Health News Roundup

COVID-19 battle gives survivor a new appreciation for life, and more in this week’s roundup

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Dancing again: COVID-19 battle gives survivor a new appreciation for life
Patrick Raycraft, Connecticut Health I-Team, March 21
After surviving a battle with COVID-19 in the spring of 2020, Michael Kelly is still fighting while gaining a new appreciation for life. Cognizant of health disparities that impact generations of his family, Kelly remains hypervigilant about protecting himself and others from COVID-19 and other illnesses.

Hispanic ‘long haulers’ struggle against lingering effects of COVID-19
Juan Carlos Chavez, Tampa Bay Times, March 7
It was already clear that Hispanic people contracted COVID-19 at a higher rate than the population as a whole. Research is now underway to uncover the demographic breakdown of those experiencing long-term health problems from COVID-19.

How can we close our racial wealth gap? 
Jamie Smith Hopkins, The Center for Public Integrity, March 22
More than a decade before the historic Civil Rights Act, the difference in median wealth between white and Black families, also known as the racial wealth gap, was about $47,000 in today’s dollars. Today, the racial wealth gap has grown to $164,000. Many recommended actions to fix this gap, including federal reparations, would have more impact when taken together.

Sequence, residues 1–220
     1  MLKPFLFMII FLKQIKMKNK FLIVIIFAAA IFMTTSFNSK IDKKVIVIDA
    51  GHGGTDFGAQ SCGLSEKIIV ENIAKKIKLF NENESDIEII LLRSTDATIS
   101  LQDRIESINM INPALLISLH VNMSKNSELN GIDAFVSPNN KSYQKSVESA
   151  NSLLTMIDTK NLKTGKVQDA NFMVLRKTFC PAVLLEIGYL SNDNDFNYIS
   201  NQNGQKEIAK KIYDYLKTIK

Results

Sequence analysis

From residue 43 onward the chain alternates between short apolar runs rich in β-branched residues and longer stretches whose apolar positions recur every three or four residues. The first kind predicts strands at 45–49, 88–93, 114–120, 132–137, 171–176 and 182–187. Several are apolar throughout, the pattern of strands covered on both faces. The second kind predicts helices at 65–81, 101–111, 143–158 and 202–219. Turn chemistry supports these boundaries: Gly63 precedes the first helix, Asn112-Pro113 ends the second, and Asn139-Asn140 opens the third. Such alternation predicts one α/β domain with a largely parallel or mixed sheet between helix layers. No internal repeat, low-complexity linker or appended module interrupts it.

CT eviction filings on track to reach highest number in years
Ginny Monk, The Connecticut Mirror, March 21
As funding for the state’s rental assistance program dwindles, the number of eviction filings in Connecticut is on track to hit its highest level since at least 2017. Two key events occurred in mid-February that housing experts say have led to more evictions: the rental assistance program stopped taking new applications, and a gubernatorial order expired that gave tenants more time to leave the apartment or pay rent.

New report from CT Health: Lessons from the COVID-19 pandemic
The COVID-19 pandemic magnified existing health and economic inequities in Connecticut. Two years after Connecticut’s first COVID case, it is critical to take stock of the lessons and consider how to address the inequities that made this crisis particularly painful and deadly.
Related: Lessons from the pandemic: Reflections on our work at CT Health